R.P. v. Alamo Heights Independent School District, 57 IDELR 64 (W.D. Tex. 2011): A U.S. District Court determined that a school district did not deny a student with mental retardation and a speech impairment a free appropriate public education by requiring the student’s parent to agree to bear financial responsibility for any damage to the student’s assistive technology device that occurred at home.

The student used a Dynavox to assist with her communication, and her father requested that she be allowed to take it home with her. The district agreed, but only after requiring her father to sign an agreement that he would be responsible if it were damaged beyond normal wear and tear. The Court determined that since the device was provided, the student was not denied FAPE and rejected the parent’s argument that the district must provide the device without any limitations.

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School district’s failure to offer a public placement excused parent from obligation to provide notice of unilateral placement.

Tuesday, November 16th, 2010

C.Z. v. New York City Department of Education, 54 IDELR 223 (S.D.N.Y. 2010):  A U.S. District Court held that parents are not obligated to provide notice of a unilateral private placement when the school district never even recommended a public placement.  As a result, the student’s parents were entitled to partial reimbursement for her unilateral placement at a private school.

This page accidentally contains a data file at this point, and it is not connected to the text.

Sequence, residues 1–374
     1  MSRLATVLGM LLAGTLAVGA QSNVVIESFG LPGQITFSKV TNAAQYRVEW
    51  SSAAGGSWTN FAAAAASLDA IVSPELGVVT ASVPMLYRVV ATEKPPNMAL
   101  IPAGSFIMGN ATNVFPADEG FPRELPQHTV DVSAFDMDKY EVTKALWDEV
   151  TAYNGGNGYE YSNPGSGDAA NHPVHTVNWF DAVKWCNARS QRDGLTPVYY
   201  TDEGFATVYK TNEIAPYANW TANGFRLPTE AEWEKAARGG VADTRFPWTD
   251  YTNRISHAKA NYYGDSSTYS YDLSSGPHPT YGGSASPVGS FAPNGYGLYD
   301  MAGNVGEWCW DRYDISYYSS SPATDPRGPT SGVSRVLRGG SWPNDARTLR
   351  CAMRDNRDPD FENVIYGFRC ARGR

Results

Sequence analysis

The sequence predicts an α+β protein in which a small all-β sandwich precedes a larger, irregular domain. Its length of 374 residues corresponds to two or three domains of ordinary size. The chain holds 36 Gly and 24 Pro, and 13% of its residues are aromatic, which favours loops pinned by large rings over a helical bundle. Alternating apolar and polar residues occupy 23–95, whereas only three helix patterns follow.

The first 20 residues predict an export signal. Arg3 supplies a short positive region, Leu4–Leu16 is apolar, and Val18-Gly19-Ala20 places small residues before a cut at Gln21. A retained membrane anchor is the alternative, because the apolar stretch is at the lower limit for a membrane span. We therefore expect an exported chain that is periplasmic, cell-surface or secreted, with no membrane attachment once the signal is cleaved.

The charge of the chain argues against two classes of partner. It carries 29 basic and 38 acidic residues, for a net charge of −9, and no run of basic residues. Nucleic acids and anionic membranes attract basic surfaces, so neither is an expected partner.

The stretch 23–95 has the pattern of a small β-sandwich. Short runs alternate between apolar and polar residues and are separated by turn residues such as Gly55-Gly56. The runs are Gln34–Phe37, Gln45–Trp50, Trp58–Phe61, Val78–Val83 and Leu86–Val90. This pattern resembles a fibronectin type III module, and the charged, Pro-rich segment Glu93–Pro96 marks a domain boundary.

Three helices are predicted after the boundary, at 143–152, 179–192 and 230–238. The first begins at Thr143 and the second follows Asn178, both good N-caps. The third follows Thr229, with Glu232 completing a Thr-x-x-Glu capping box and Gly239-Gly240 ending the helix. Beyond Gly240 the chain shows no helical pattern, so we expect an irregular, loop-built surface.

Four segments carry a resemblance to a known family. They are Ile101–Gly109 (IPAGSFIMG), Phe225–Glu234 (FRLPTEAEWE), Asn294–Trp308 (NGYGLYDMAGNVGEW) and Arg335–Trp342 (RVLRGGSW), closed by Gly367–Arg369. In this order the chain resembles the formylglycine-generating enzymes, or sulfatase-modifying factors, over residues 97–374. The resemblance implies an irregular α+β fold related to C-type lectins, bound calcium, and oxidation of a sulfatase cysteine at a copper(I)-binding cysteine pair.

The student, who was diagnosed with a speech impairment and central auditory processing disorder, attended a private school offering a language based program from second grade through fifth grade (when she aged out).  The program provided a nurturing environment with a teacher and an aide in classes of eight to ten students.  The student also received related services, including occupational therapy and speech and language therapy.

Since the student was aging out, her parents enrolled her in a different private school due to their concern that the school district would not offer an appropriate program.  Despite such enrollment, the parents purchased “tuition insurance” in the event they removed the student from the private school.  The Court also noted that the parents cooperated with the school district, and participated in the IEP process in good faith.  Despite such participation, the school district never made a final offer of a recommended placement.  As a result, the student attended the private school in which she had been enrolled and the parents never provided written notice of their intention to make a unilateral placement.